Your job as a leader is varied, but one of the most important things you can do is find the right team and motivate them to great things. And one of the greatest expectations they have for you is that you keep them informed. How can you leverage social media to help keep the workforce engaged and active as valuable team members? Here are a few things you should consider.
- Keep it short. Tweets are limited to 140 characters (at least for now). When I first came across Twitter, I couldn’t for the life of me, understand how anyone would want to read something 140 characters long. But I found out that 140 digits was enough to get a small piece of information across, and if it wasn’t, a link to the rest of the information was an easy fix. You need to keep your communications to the team the same way. Give them the basics, and include ways to read more if they’re interested, or when they have time. Don’t assume they want to, or have time to, read the 5 paragraph update you provided.
- Make communications enticing. In today’s world, a good title is worth gold. For example, with over 1 million people posting articles on LinkedIn regularly, how can your article stand out from the sea of other posts? It all has to do with how well you attract the reader. The same thing goes for your communications. Sending out an email with a subject line of ‘Status Update’ is much less likely to get them to actually read it than a more descriptive title like “3 Things You Need to Know Before Friday.’ Which one are you more likely to read? Exactly.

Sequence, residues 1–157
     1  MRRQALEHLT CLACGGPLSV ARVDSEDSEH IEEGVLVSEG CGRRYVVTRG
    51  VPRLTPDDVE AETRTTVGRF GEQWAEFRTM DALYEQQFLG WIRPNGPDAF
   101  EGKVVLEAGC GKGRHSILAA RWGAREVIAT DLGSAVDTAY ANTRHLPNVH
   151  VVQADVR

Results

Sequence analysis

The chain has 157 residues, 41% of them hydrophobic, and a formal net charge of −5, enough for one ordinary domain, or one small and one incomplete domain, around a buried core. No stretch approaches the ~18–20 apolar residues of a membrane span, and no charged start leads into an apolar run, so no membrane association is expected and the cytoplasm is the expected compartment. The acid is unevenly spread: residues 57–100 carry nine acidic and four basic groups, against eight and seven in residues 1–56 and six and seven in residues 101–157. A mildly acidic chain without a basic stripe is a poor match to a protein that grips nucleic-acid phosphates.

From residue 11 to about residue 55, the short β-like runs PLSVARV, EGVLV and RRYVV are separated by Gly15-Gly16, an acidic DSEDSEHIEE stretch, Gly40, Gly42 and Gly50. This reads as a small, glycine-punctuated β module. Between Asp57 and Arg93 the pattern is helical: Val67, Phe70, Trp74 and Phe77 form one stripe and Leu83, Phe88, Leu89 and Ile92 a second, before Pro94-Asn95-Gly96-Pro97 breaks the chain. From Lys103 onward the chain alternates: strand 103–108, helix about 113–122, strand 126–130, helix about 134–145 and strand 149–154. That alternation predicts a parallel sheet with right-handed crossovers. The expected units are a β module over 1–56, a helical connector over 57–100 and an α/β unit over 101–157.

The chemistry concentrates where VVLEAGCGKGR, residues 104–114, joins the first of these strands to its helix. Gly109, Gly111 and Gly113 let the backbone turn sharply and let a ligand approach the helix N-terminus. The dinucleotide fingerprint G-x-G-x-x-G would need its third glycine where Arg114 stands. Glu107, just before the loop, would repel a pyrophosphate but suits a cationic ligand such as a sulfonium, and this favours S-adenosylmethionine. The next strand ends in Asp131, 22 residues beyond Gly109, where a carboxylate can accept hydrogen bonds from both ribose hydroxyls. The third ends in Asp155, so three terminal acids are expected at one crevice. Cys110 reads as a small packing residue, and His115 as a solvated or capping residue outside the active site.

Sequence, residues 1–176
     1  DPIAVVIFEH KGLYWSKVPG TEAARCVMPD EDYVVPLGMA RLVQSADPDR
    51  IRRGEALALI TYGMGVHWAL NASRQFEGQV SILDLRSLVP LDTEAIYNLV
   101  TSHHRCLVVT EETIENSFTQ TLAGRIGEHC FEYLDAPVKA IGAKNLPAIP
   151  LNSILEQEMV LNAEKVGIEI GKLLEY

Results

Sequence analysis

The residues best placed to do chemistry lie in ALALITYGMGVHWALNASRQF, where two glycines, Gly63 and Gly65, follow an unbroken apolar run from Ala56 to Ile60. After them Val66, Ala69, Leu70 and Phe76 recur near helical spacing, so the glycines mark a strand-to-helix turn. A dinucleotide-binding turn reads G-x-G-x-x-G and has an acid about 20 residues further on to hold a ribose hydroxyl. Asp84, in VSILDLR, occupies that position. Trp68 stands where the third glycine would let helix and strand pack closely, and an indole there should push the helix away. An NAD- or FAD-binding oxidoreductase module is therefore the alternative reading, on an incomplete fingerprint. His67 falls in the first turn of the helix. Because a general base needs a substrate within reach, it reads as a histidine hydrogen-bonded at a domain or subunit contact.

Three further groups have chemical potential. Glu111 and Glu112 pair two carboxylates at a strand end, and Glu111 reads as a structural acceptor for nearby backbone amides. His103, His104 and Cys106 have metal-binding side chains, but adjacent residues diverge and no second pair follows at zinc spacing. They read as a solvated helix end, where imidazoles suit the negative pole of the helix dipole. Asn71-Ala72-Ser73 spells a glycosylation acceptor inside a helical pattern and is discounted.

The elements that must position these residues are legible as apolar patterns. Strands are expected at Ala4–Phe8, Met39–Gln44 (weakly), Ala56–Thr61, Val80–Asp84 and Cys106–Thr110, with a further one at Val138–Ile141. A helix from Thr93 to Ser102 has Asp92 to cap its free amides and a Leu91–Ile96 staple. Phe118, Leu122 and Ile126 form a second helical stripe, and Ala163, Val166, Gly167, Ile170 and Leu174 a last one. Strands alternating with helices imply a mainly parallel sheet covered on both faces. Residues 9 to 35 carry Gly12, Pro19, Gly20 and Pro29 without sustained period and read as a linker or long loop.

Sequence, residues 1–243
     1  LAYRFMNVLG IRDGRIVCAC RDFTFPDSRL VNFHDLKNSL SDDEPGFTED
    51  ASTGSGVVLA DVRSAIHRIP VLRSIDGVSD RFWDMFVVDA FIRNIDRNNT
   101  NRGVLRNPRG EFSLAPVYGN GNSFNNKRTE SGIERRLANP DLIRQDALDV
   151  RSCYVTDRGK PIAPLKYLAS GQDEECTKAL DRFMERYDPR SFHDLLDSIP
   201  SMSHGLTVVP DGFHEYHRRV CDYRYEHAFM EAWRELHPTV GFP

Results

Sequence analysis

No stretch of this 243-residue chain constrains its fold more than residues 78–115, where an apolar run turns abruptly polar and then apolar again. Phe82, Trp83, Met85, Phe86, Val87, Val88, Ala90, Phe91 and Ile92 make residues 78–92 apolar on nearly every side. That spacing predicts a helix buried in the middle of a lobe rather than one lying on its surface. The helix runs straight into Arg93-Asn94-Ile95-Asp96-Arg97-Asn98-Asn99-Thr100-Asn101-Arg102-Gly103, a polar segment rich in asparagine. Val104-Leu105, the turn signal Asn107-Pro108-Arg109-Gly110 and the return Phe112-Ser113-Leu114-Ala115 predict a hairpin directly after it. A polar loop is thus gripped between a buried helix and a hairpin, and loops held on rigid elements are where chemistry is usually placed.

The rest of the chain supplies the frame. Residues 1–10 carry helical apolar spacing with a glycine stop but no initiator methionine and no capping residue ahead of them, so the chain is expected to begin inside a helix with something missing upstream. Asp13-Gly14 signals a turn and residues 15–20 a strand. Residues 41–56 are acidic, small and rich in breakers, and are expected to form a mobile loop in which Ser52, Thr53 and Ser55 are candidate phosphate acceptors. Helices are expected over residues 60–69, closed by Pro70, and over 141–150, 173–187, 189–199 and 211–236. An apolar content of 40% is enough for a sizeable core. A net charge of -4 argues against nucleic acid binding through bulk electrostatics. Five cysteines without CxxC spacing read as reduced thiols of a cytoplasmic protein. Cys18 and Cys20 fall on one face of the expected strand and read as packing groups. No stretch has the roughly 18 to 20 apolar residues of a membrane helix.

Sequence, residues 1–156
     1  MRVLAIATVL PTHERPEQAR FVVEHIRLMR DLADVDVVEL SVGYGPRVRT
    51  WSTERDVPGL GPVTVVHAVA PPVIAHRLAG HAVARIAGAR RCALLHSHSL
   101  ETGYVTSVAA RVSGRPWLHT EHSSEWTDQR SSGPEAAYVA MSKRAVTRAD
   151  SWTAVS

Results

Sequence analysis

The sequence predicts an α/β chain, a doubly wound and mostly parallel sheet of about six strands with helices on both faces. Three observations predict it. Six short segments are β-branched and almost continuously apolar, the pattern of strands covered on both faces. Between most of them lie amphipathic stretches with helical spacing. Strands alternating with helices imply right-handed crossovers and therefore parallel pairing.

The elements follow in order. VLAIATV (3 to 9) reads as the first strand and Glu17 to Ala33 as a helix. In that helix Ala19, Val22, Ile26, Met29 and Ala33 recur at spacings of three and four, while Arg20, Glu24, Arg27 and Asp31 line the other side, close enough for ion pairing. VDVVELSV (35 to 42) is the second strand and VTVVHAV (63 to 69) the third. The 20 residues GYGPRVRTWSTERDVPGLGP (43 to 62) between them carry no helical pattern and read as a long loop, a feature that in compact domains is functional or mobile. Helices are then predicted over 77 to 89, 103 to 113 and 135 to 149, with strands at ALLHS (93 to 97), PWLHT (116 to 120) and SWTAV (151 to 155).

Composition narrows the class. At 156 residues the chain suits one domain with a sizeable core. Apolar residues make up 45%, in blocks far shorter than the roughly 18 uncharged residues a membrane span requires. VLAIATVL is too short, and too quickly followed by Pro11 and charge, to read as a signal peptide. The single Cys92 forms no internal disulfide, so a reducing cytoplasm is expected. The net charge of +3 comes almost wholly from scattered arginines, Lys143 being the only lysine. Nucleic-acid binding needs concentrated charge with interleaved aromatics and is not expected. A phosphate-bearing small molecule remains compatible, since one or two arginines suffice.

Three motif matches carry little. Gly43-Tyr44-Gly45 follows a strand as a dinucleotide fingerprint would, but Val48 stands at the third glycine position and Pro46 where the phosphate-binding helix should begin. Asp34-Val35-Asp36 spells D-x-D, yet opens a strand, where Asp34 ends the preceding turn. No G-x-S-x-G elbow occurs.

- Keep the information flowing. The days of the monthly newsletter are over. Before the days of social media, sending out a newsletter to your employees or customers was a smart move. They got new information, and you had a platform that was more likely to be read than a letter. But newsletters are not resonating anymore. Blog posts, with links driven by tweets and other social media tools, are much more likely to get read, and by the right people. Don’t wait for the monthly, or even weekly newsletter cycle. Start sending relevant information as soon as it happens. Your team will thank you!
- Be transparent. If you haven’t noticed lately, there seems to be a real distrust of ‘insiders’ in the country. Much of that distrust comes from the younger generations who have found our political system to be full of cronyism and division. By default, many now see the same thing of corporate America. They view those in the most senior leadership roles as being opaque and out for themselves. Being transparent means being forthcoming with the good and the bad, and even being willing to share your own mistakes and faults. It’s uncomfortable, but necessary if you want to reach your younger audience.
As we continue to see a reduction in our older workforce, and folks entering the workforce have new expectations, it’s up to you as a leader to engage and keep them informed. If you think that you can do things like they’ve always been done, you are doomed to see high turnover and increased employee dissatisfaction.
Take a lesson from social media, and communicate to your team in ways that resonate with them. And if you don’t use or understand social media, get engaged. You’ll be amazed at the things you’ll learn.